The Tradition of the Great British Sunday Roast

The Tradition of Sunday Lunch.

The British peoples love affair with the traditional Sunday Roast is believed to have begun way back in 15th century Britain during the reign of King Henry VII. Every Sunday, after church, his royal guards would enjoy a ritual of freshly roasted beef, this is where the affectionate term “Beefeaters” came from!

Throughout this age almost all households, from the most wealthy to the poorest held up this tradition and it really became a symbol of religious and social importance. For the poorest of families who didn’t own fireplaces in their modest homes, they would call in at their local bakery on the way to Church, who would pop it in their ovens and have it ready in time for their lunch! Nothing was wasted with families eating the leftovers in various different forms throughout the week. For many of us we still very much hold up this tradition today and for our family the leftovers can often be better than the original meal!

We love a good Sunday Roast, be it for lunch or dinner! For us it’s usually dinner because most of us work in the business on a Sunday so family time comes when the shop closes it’s doors!

Of course the Sunday Roast is traditionally a large joint of meat, be it roast beef, lamb, pork or chicken with your roast potatoes and veg with a lovely helping of gravy! But quite often we like to mix things up and enjoy a family pizza party, with homemade pizza and everyone getting stuck in rolling out dough and concocting the best topping! Or a fabulously spicy curry night, where we serve an array of dishes on the table, family style and all dig in, helping ourselves to a bit of everything on offer!

For us it’s a fab time to all sit round and chat about the week just gone, enjoy some much needed quality family time and of course indulge in some of our fantastic meat!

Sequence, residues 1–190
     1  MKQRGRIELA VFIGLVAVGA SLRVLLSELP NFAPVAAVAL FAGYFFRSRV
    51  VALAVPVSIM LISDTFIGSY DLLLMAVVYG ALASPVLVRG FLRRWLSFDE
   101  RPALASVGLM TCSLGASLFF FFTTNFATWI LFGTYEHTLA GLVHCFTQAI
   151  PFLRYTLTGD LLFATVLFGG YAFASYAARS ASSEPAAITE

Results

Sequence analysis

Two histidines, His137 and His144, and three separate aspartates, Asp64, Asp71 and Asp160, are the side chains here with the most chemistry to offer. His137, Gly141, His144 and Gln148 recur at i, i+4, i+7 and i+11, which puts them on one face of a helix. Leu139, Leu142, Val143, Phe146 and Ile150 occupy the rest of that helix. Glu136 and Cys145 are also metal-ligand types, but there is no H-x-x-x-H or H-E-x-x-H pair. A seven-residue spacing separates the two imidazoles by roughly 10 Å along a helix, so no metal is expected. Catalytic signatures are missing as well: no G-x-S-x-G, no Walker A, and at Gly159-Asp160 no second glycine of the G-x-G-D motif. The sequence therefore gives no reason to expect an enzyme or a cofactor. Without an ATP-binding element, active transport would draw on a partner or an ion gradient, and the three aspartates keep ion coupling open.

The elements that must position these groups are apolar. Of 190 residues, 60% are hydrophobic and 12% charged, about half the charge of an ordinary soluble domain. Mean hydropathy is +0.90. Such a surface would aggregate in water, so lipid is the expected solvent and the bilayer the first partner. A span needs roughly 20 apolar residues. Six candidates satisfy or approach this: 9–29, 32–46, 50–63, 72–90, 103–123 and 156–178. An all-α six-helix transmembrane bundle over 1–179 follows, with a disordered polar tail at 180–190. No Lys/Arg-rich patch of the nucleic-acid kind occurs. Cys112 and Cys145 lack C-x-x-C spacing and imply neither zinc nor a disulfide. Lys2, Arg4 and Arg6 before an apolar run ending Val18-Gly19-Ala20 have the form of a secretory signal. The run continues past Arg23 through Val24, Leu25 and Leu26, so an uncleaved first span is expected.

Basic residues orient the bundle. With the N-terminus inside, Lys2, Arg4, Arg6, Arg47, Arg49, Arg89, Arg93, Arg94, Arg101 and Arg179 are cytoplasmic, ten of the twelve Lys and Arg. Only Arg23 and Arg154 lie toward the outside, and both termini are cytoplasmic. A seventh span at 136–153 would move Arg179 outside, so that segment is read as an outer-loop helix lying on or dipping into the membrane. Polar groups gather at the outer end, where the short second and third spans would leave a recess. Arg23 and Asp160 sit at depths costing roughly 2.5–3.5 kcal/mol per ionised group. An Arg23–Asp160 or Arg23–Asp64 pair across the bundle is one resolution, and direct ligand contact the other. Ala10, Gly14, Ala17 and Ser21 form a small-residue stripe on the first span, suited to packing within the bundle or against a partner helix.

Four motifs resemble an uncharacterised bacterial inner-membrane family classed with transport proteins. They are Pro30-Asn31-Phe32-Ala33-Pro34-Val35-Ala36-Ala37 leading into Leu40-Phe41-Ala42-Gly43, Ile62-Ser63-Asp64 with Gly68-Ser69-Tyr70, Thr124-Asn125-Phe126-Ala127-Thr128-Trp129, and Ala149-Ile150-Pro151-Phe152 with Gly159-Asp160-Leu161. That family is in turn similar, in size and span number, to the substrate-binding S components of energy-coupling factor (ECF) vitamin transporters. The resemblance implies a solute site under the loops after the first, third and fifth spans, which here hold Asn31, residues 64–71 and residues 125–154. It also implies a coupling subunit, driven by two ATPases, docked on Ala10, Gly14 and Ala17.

If you fancy trying out the traditional Sunday lunch of roast beef, check out our guide to cooking the perfect Sunday roast!

Cooking times are for a 2kg piece of beef which should feed 8 adults amply. Of course if you choose to go smaller or larger adjust cooking times accordingly.



  • 1 x 2kg joint of beef (you could use Rump, Silverside, Topside or boneless rib, whatever suits your preferences and budget)
  • About 6 garlic cloves, skin on but lightly crushed with the flat edge of a knife.
  • I red onion skin on but cut into ¼’s
  • 1 stick of celery cut in half
  • 1 carrot sliced in half vertically
  • Salt and freshly ground black pepper
  • English mustard




  • Pre-heat your oven to 220c
  • Lay your prepared veg in a suitable roasting tray and pour in around an inch of water
  • Layer on a generous covering of the mustard (don’t worry it’s not going to blow your head off! During the cooking process the heat from the mustard will mellow out and also create a delicious crust on the outside)
  • Season generously with the salt and pepper and place on top of the veggies in the baking tray.
  • Place in the oven for 30 minutes then turn down the temperature to 180c for a further 1 hour and 30 minutes.
  • Remove from the oven and cover with foil or a clean tea towel and leave to rest for a good 30 minutes before carving. This allows the meat the relax and the lovely juices to reabsorb into the joint so you can maximise of flavour and tender texture.





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